Disclose to your physician all mental health issues including any family history of suicide, bipolar illness, tics, or depression. Ritalin may create new or exacerbate existing behavior problems, bipolar illness, or Tourette’s syndrome. The FDA recommends evaluating patients for bipolar disorder, tics, and Tourette’s syndrome prior to stimulant administration. It can cause psychotic or manic symptoms in children and teenagers. Call your doctor immediately if you or your child experiences new or worsening mental health symptoms including hallucinations or sudden suspicions.
Ritalin and Circulation Problems
Discuss circulation problems with your doctor before taking Ritalin, which has been known to cause numbness, coolness, or pain in fingers or toes, including Raynaud’s phenomenon. Report to your doctor any new blood-flow problems, pain, skin color changes, or sensitivities to temperature while taking Ritalin.
Ritalin and Substance Abuse
Stimulants like Ritalin have a potential for abuse and addiction, especially among people who do not have ADHD. It is a “Schedule II Stimulant,” a designation that the Drug Enforcement Agency uses for drugs with a high potential for abuse. Other Schedule II drugs include Dexedrine, Adderall, and cocaine. People with a history of drug abuse should use caution when trying this medication. Taking the medication exactly as prescribed can reduce potential for abuse.
The above is not a complete list of potential side effects. If you notice any health changes not listed above, discuss them with your doctor or pharmacist.
Who Can Take Ritalin? Medication Precautions
You should not take Ritalin if you have any of the following conditions:
- allergy or hypersensitivity to Ritalin or any of the ingredients in Ritalin medications
- unmanaged glaucoma
- history of Tourette’s syndrome
- or if you are taking monoamine oxidase inhibitors (MAOIs)
If you’re thinking of becoming pregnant, discuss the use of Ritalin with your doctor. Animal studies indicate a potential risk of fetal harm. Nonetheless, the FDA lists methylphenidate in Pregnancy Category C, which means that no risk has ever been established but it cannot be ruled out either. Ritalin is passed through breastmilk, so it is recommended that mothers do not nurse while taking it.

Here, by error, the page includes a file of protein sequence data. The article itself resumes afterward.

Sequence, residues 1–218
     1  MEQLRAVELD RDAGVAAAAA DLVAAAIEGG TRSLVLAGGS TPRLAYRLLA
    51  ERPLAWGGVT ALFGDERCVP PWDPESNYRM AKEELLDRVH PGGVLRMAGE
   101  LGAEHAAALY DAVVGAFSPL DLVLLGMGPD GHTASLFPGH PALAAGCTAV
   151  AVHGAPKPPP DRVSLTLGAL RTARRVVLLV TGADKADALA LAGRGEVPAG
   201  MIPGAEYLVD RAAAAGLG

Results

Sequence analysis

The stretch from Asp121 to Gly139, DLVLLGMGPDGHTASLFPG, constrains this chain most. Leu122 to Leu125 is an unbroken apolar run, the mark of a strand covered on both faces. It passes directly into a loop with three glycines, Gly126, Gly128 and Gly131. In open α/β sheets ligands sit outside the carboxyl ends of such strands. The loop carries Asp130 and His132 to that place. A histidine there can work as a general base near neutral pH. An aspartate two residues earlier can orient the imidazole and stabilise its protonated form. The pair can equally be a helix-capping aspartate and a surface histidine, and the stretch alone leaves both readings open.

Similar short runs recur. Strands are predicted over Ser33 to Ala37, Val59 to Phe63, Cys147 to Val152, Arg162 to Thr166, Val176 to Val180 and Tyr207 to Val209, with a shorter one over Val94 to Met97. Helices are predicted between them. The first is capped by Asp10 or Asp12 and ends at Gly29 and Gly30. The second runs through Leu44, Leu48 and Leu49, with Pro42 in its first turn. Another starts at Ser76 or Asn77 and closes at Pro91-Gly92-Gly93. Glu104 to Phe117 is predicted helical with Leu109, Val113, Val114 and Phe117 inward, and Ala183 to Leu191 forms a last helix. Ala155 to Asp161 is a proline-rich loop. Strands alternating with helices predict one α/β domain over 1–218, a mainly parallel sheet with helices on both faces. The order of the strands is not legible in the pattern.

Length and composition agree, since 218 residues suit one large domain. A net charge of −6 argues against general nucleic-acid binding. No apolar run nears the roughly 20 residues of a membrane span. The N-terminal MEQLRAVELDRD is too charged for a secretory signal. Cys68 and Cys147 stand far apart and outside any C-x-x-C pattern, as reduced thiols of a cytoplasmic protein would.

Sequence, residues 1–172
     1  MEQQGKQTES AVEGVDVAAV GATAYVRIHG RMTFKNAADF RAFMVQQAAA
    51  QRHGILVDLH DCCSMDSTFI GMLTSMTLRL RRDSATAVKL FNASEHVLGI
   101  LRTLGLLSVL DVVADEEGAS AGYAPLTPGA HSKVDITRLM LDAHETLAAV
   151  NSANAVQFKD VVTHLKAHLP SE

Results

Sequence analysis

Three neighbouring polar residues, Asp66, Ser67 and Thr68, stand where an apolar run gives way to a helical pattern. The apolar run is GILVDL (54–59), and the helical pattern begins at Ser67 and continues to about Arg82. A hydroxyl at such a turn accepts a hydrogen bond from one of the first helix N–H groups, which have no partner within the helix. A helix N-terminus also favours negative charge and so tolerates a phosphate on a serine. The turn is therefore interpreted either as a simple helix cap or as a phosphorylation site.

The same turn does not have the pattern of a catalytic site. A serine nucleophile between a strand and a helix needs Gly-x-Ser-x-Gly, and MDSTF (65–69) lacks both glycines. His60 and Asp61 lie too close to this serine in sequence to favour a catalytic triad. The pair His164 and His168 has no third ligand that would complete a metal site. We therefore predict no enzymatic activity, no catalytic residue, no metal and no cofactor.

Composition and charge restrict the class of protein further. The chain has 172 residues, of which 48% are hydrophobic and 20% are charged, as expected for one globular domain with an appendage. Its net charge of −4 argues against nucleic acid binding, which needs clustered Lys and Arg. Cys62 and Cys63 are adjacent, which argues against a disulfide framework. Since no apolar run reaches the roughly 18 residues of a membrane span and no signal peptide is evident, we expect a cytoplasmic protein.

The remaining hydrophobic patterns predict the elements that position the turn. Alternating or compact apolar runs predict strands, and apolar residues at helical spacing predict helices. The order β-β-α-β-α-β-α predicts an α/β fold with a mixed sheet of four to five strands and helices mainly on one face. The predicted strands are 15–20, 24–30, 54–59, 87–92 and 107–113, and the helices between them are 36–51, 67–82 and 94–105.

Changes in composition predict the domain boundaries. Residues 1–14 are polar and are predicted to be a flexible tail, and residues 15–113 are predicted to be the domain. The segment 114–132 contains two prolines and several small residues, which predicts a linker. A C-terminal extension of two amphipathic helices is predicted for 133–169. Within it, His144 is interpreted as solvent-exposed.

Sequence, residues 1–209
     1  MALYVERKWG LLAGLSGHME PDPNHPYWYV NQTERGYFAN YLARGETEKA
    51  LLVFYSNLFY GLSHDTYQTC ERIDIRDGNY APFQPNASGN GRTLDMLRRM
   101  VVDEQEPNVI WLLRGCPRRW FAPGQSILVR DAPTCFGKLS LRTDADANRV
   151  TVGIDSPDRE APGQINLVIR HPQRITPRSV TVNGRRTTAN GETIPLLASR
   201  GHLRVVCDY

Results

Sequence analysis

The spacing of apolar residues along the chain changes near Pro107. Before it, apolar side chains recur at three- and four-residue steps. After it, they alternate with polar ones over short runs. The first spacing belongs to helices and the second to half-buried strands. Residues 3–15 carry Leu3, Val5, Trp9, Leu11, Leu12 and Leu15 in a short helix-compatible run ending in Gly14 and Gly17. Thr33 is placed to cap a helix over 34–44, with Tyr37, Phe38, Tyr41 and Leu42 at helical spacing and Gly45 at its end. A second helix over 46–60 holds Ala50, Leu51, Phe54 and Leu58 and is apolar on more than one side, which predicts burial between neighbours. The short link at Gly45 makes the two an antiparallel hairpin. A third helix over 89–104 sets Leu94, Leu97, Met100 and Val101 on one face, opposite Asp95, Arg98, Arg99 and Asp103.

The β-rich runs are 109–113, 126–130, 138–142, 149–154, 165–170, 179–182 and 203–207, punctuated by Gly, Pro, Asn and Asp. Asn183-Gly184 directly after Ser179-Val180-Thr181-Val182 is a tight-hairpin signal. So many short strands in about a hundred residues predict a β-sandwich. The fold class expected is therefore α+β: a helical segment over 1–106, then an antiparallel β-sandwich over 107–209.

The safety of Ritalin for children under age six has not been established by the FDA but it has been studied many times in government-funded studies and found to be both safe and effective for ADHD down to 3 years of age.
Store Ritalin in a secure place out of the reach of children, and at room temperature. Do not share your Ritalin prescription with anyone, even another person with ADHD. Sharing prescription medication is illegal, and can cause harm.
What Interactions Are Associated with Ritalin?
Before taking Ritalin, discuss all other active prescription medications with your doctor. Ritalin can have a dangerous, possibly fatal, interaction with MAOI antidepressants.
Tell your doctor if you are taking seizure medications, blood thinners, blood pressure medication, or any medication containing a decongestant.
Share a list of all vitamin or herbal supplements, and prescription and non-prescription medications you take with the pharmacist when you fill your prescription, and let all doctors and physicians know you are taking Ritalin before having any surgery or laboratory tests. Ritalin can have a dangerous interaction with certain anesthetics. The above is not a complete list of all possible drug interactions.
View Article Sources
Ritalin methylphenidate hydrochloride tablet. Dailymed https://dailymed.nlm.nih.gov/dailymed/drugInfo.cfm?setid=cd83fc91-47a3-4be4-9727-caf9ec0371e8
More Information on Ritalin and Other ADHD Medications: